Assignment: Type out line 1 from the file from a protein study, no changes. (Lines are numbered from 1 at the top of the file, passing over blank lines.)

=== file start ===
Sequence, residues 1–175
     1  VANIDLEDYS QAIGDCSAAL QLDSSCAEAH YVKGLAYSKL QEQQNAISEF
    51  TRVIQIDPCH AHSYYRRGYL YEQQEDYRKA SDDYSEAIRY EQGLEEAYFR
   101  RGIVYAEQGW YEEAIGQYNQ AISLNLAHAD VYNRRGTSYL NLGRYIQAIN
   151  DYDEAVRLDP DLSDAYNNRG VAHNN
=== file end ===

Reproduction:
Sequence, residues 1–175